The Troubled Asset Relief Program, better known by the TARP acronym that recalls the frantic and frightening days of the 2008 financial crisis, has disbursed $423.4 billion to banks, auto manufacturers, securities dealers, and even some homeowners involved in the Obama administration’s loan-modification effort. Along the way, nearly $5 billion in TARP and other government assistance has been lost or pilfered in connection with criminal cases, and now the U.S. Treasury is trying to get it back.
Christy Romero, TARP’s inspector general, has a broad portfolio, working with federal and state prosecutors to secure recovery judgments and take back misspent funds even in cases where banks applied for TARP money but didn’t receive it. So far investigators have seized dozens of bank accounts and properties, as well as bags of silver, a tractor, bundles of cash, Civil War memorabilia, artwork, and at least one boat.
“Crime in banks, particularly by insiders at banks that applied for or received TARP, erodes the American public’s confidence in the banking system, making the banking system another victim of the crime,” Romero says in a new report to Congress. Here’s a look at some of the loot seized by Treasury’s TARP cops:
This 1957 Cadillac Coupe de Ville was seized from real-estate developer Thomas E. Arney, who is currently serving 27 months in prison for his part in a $41 million scheme to hide bad loans at Bank of the Commonwealth in Norfolk, Va. The bank sought $28 million in TARP funds in November 2008, but banking regulators asked it to withdraw the application, and it did.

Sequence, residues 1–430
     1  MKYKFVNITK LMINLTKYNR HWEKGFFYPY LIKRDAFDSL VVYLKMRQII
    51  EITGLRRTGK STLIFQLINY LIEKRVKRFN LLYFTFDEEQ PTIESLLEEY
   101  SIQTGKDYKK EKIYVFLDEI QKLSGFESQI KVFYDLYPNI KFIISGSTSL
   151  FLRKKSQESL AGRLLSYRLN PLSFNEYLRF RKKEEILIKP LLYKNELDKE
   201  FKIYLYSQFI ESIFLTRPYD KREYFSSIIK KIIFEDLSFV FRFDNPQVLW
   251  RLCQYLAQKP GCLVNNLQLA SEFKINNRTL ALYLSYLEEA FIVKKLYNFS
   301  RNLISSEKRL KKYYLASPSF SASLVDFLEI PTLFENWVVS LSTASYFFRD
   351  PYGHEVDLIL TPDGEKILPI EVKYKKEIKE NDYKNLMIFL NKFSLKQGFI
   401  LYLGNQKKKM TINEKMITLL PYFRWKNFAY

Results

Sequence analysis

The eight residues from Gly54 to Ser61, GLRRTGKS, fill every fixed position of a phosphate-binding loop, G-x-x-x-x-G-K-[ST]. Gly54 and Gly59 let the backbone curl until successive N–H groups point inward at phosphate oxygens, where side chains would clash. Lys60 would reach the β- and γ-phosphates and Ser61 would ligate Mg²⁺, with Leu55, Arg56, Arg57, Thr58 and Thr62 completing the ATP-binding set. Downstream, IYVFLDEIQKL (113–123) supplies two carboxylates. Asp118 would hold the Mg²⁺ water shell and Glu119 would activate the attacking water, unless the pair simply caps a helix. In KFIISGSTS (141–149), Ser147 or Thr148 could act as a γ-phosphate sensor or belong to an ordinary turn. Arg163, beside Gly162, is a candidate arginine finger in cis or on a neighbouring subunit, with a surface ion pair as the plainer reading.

A 19th century English painting of a royal family was seized from Mark A. Conner, former chief executive officer of FirstCityBank in Stockbridge, Ga. Conner is currently serving 12 years in prison for defrauding FirstCity to win the approval of mortgages for properties owned by him or his partners. The painting is worth about $6,000. FirstCity unsuccessfully sought $6.1 million in TARP funds in February 2009 before it failed and was seized by federal and state authorities the next month.
The Florida apartment building where Darryl Layne Woods, former chairman and president of Calvert Financial, used part of his $1 million in pocketed TARP money to buy a luxury condo for himself. Woods was sentenced in March to eight months in a halfway house and four months of home detention for lying about his use of TARP funds. Calvvert Financial received $1,037,000 through the TARP Capital Purchase Program.
Stacks of cash totaling $158,000 seized from a safe belonging to George P. Hranowskyj, who was sentenced to 14 years in jail and ordered—along with his business partner, Eric Menden—to pay $32.8 million in restitution and forfeit a further $43.5 million. Again, this was tied to fraud at the Bank of the Commonwealth.
A Kubota tractor also seized from George P. Hranowskyj. Probably worth less than the pile of cash.
A 1958 Mercedes-Benz Cabriolet 22 seized from Lee Bentley Farkas, former chairman of failed lender Taylor, Bean & Whitaker Mortgage. Farkas was sentenced to 30 years in prison on 14 counts of conspiracy, and bank, securities, and wire fraud for his role in the $2.9 billion scheme to defraud Colonial Bank, Ginnie Mae and Freddie Mac among others. The inspector general’s office stopped Treasury from disbursing $553 million in TARP funds that had been approved for Colonial Bank, where two executives pleaded guilty to participating in the fraud scheme. Estimated value: $185,000.